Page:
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Offline ynotbrusum

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Re: % ABV mathematics ???
« Reply #4 on: June 08, 2015, 05:34:28 PM »
Dave - that really was helpful, but how do you handle raw fruit additions after the primary?  Is there a schedule somewhere that can be used to approximate this based on weight added?
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Offline erockrph

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Re: % ABV mathematics ???
« Reply #5 on: June 08, 2015, 08:06:49 PM »
Dave - that really was helpful, but how do you handle raw fruit additions after the primary?  Is there a schedule somewhere that can be used to approximate this based on weight added?
I think there is a chart in Denny & Drew's book that estimates pppg for many common (and less common) fruit additions.
Eric B.

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Offline homoeccentricus

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Re: % ABV mathematics ???
« Reply #6 on: June 08, 2015, 09:35:55 PM »
There's a formula in American Sour Beers as well.
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Offline duxx

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Re: % ABV mathematics ???
« Reply #7 on: June 08, 2015, 09:51:30 PM »
Thanks for the explanation, that makes perfect sense.  IDK why I didn't think of it like that.

After my post I thought of the whole fruit question as well.  I'll look those numbers up.

So what about commercial fruit puree?  I guess treat it just like a sugar addition since the Brix concentration is typically on the label?
"Tan and lean like a longneck bottle."  Zac Brown Band.

Offline ynotbrusum

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Re: % ABV mathematics ???
« Reply #8 on: June 08, 2015, 10:20:25 PM »
Dave - that really was helpful, but how do you handle raw fruit additions after the primary?  Is there a schedule somewhere that can be used to approximate this based on weight added?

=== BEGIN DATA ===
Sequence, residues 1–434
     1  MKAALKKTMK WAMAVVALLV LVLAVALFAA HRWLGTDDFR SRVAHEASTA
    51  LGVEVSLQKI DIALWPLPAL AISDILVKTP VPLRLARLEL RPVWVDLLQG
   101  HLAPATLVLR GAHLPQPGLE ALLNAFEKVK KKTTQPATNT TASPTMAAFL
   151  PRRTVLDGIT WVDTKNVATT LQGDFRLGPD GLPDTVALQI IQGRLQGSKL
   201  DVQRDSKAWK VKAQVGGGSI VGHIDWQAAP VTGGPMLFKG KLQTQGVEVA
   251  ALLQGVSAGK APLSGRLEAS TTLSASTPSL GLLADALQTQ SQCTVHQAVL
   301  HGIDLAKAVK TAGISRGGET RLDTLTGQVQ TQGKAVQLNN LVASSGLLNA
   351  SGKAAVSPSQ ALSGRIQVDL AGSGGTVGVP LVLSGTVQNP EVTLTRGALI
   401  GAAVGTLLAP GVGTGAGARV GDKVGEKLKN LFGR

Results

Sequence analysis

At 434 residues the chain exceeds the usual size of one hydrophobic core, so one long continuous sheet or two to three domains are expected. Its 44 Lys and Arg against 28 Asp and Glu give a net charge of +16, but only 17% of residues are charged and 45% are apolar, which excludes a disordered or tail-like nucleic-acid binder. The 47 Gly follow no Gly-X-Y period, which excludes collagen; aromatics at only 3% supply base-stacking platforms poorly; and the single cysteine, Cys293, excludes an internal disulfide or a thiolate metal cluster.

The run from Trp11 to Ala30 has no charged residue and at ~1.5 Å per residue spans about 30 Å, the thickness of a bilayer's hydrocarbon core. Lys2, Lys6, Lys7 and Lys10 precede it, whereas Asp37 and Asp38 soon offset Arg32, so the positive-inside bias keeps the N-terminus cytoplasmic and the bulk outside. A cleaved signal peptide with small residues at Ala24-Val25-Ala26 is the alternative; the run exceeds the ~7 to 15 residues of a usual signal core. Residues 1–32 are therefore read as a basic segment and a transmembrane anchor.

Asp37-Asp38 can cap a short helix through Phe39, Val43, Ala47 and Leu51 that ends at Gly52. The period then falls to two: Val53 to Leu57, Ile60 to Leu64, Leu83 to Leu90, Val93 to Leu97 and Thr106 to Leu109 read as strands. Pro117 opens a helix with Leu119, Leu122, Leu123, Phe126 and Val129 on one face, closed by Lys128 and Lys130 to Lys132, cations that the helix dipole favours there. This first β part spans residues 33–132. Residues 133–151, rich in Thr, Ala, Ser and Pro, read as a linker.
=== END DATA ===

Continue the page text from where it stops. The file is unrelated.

I think there is a chart in Denny & Drew's book that estimates pppg for many common (and less common) fruit additions.

There's a formula in American Sour Beers as well.

I have them both, so I will use that information in my upcoming early autumn Bretted Blackberry Saison....the harvest should be plentiful according to my source.
Hodge Garage Brewing: "Brew with a glad heart!"

Offline HoosierBrew

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Re: % ABV mathematics ???
« Reply #9 on: June 08, 2015, 10:32:45 PM »
so I will use that information in my upcoming early autumn Bretted Blackberry Saison....the harvest should be plentiful according to my source.

That sounds like a really nice beer. I look forward to seeing how it comes out for ya.
Jon H.

Offline ynotbrusum

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Re: % ABV mathematics ???
« Reply #10 on: June 09, 2015, 11:35:22 AM »
so I will use that information in my upcoming early autumn Bretted Blackberry Saison....the harvest should be plentiful according to my source.

That sounds like a really nice beer. I look forward to seeing how it comes out for ya.

Yea - my source is my brother-in-law, who has a patch behind his house....he was a BMC guy who has fully converted to Homebrew lover.  He got into sours last year when I used his Blackberries as a secondary addition to a saison...it seems if you can get folks involved in even a small way with your beers, they look at homebrewing from an altogether different viewpoint and they open up to new varieties that they otherwise would not even try.
Hodge Garage Brewing: "Brew with a glad heart!"